People who are serious about a career in firefighting need a serious program of study. At Central Arizona College (CAC) Fire Academy that’s just what they get. The 16-week program includes 225 hours of instruction before being eligible for state certification testing. During that time students learn about Fire Science, Hazardous Materials and Wildland Fire Training. They also spend many hours on The Deputy Chief training tower in fire fighting simulations.
“We conduct live fire, search and rescue, exterior laddering, and horizontal and hydraulic ventilations on The Deputy Chief,” says Lon Spencer, M.S., fire science director at the Fire Academy located in Coolidge, AZ. “In addition, students set up hose lines in stairwells to simulate lines aloft in high rise incidents and rope equipment hoisting training exercises using the all-steel building.
“The all-steel structure was installed in 2008. Each year we train our firefighter recruits on it, plus up to 200 firefighters from regional area fire agencies and about 150 law enforcement personnel.”
Diversified and Durable
Manufactured in Wisconsin, the three-story Deputy Chief tower has four working decks. The structure resembles a residential building, but with a 30-foot tower for rappelling and laddering. Two burn rooms allow firefighters different scenarios for dealing with live fire. The main floor burn room is largest, while the second floor burn room simulates a bedroom fire. The smaller room is also used to teach firefighters how to operate and interpret thermal layering using Thermal Imaging Cameras. Over the years, the CAC Fire Academy added an additional room for a smoke generator and the Fire Watchman pyrometer temperature monitoring system.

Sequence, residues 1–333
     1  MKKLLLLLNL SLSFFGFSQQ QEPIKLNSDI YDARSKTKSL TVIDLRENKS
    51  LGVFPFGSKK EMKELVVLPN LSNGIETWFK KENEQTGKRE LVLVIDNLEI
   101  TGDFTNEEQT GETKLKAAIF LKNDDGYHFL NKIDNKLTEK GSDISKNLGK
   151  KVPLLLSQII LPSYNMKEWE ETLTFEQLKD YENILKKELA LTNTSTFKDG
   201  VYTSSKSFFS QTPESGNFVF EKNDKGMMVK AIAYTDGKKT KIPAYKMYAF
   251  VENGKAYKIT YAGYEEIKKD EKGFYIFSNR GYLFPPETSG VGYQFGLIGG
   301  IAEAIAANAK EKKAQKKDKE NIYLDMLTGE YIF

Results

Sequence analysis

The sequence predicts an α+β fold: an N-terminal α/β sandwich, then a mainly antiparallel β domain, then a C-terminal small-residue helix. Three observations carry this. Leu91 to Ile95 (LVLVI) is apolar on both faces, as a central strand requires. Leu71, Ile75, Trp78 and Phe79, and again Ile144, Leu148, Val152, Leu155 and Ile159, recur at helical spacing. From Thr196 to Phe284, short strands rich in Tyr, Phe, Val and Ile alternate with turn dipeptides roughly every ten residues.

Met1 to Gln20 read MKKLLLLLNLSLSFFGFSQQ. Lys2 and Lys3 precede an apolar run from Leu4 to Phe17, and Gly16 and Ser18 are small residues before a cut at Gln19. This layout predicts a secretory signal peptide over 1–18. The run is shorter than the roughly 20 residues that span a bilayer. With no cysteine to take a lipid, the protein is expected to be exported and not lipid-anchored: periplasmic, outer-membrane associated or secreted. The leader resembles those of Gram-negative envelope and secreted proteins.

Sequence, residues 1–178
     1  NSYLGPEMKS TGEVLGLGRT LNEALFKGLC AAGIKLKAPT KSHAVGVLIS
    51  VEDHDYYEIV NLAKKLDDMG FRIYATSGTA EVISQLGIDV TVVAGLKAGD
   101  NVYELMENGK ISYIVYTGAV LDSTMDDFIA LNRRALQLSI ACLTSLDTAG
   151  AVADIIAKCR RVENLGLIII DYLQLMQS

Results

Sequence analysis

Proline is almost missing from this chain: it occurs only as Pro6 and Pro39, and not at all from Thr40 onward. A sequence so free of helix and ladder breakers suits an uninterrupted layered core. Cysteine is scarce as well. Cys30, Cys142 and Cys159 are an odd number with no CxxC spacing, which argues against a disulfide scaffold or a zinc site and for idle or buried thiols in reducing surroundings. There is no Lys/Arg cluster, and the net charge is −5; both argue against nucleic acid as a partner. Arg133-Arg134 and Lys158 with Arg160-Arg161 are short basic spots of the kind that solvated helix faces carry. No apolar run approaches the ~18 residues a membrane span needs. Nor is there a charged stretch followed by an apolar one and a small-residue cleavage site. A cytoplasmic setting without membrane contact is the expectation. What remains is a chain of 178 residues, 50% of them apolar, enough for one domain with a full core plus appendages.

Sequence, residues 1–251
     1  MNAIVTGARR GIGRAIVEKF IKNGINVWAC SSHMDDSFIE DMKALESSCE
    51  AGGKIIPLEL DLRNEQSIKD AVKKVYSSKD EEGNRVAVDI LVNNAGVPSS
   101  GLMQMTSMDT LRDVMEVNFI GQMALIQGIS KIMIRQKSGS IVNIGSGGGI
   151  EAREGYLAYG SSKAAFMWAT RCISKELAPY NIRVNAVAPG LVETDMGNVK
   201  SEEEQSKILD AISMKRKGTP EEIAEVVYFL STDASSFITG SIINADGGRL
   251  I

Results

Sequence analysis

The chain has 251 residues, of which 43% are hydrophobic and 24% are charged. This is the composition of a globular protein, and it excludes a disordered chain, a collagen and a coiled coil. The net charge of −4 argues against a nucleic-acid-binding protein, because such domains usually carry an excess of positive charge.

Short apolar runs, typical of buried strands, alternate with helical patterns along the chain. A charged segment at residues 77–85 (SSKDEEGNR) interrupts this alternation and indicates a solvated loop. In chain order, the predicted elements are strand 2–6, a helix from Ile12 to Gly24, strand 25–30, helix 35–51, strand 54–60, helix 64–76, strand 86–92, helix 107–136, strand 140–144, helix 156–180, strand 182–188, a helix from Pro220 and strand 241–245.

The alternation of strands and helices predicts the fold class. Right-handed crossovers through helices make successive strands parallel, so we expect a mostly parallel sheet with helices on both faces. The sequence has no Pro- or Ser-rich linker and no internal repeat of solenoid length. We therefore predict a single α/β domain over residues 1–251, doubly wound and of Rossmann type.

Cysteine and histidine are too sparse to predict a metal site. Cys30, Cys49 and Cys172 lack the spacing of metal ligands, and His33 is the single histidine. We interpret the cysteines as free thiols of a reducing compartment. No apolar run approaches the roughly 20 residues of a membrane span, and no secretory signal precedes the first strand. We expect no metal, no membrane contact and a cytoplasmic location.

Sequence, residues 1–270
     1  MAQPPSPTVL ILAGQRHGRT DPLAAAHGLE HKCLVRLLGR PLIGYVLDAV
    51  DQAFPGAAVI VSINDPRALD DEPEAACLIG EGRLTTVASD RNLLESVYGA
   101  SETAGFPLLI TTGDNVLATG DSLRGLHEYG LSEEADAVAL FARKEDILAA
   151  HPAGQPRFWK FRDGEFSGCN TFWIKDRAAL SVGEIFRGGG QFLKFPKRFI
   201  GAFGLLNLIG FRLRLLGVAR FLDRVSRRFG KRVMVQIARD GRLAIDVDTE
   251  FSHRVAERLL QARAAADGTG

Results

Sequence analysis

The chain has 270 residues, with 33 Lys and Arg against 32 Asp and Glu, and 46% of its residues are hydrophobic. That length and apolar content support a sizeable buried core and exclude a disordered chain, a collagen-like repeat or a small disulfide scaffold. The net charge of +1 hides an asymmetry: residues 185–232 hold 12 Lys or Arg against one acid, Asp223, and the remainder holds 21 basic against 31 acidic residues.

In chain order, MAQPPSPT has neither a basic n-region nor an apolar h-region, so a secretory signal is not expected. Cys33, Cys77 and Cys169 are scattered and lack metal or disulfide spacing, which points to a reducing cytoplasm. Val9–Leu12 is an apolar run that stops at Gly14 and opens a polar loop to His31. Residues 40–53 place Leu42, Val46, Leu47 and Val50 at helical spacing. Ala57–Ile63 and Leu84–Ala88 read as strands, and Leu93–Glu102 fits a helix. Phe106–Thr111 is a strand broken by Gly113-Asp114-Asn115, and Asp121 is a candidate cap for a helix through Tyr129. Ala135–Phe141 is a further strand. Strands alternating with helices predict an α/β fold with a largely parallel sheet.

“During the past 15 years that we’ve had the Deputy Chief we’ve graduated more than 500 students from our program,” says Spencer, a retired member of the fire service with 39 years of field experience. “Most of our students come from Arizona. And many of the graduates move on to getting hired at several of our regional fire departments. Some of them even come back as instructors at our facility.”
Full Schedule for Training Tower
The CAC Fire Academy has a staff of 10, all of whom are current firefighters or fire officers. The staff is needed to help with students along with regional fire agencies training at the building. In addition, law enforcement agencies also make use of The Deputy Chief facility.
“The Fire Facilities structure has held up pretty well over the past 15 years,” says Spencer. “If another fire academy asked about the Deputy Chief, I’d tell them to give serious consideration toward purchasing one of these buildings.
“Factors such as the many models and styles available, plus how they’re assembled, and the flexibility of use to develop numerous simulations all make this building very versatile. Lastly, the financing assistance available makes this manufacturer a serious provider.”